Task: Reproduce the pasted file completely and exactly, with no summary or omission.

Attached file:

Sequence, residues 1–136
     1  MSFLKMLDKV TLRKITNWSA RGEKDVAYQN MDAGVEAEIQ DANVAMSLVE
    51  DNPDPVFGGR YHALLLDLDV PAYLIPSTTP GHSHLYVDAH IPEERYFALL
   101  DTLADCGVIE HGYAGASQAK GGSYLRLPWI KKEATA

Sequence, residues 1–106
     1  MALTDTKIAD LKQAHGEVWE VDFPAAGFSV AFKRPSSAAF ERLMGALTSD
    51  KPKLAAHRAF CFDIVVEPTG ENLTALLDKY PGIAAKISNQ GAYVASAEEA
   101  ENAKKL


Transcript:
Sequence, residues 1–136
     1  MSFLKMLDKV TLRKITNWSA RGEKDVAYQN MDAGVEAEIQ DANVAMSLVE
    51  DNPDPVFGGR YHALLLDLDV PAYLIPSTTP GHSHLYVDAH IPEERYFALL
   101  DTLADCGVIE HGYAGASQAK GGSYLRLPWI KKEATA

Sequence, residues 1–106
     1  MALTDTKIAD LKQAHGEVWE VDFPAAGFSV AFKRPSSAAF ERLMGALTSD
    51  KPKLAAHRAF CFDIVVEPTG ENLTALLDKY PGIAAKISNQ GAYVASAEEA
   101  ENAKKL